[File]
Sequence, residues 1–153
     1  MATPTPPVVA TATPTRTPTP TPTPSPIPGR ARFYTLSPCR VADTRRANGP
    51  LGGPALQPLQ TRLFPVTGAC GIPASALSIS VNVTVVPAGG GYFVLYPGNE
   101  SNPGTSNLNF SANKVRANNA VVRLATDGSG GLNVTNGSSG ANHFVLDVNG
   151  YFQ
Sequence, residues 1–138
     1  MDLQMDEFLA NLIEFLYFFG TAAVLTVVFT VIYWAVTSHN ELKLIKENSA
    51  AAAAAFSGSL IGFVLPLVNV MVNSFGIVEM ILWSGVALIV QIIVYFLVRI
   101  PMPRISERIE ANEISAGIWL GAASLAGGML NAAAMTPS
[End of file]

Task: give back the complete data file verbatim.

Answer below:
Sequence, residues 1–153
     1  MATPTPPVVA TATPTRTPTP TPTPSPIPGR ARFYTLSPCR VADTRRANGP
    51  LGGPALQPLQ TRLFPVTGAC GIPASALSIS VNVTVVPAGG GYFVLYPGNE
   101  SNPGTSNLNF SANKVRANNA VVRLATDGSG GLNVTNGSSG ANHFVLDVNG
   151  YFQ
Sequence, residues 1–138
     1  MDLQMDEFLA NLIEFLYFFG TAAVLTVVFT VIYWAVTSHN ELKLIKENSA
    51  AAAAAFSGSL IGFVLPLVNV MVNSFGIVEM ILWSGVALIV QIIVYFLVRI
   101  PMPRISERIE ANEISAGIWL GAASLAGGML NAAAMTPS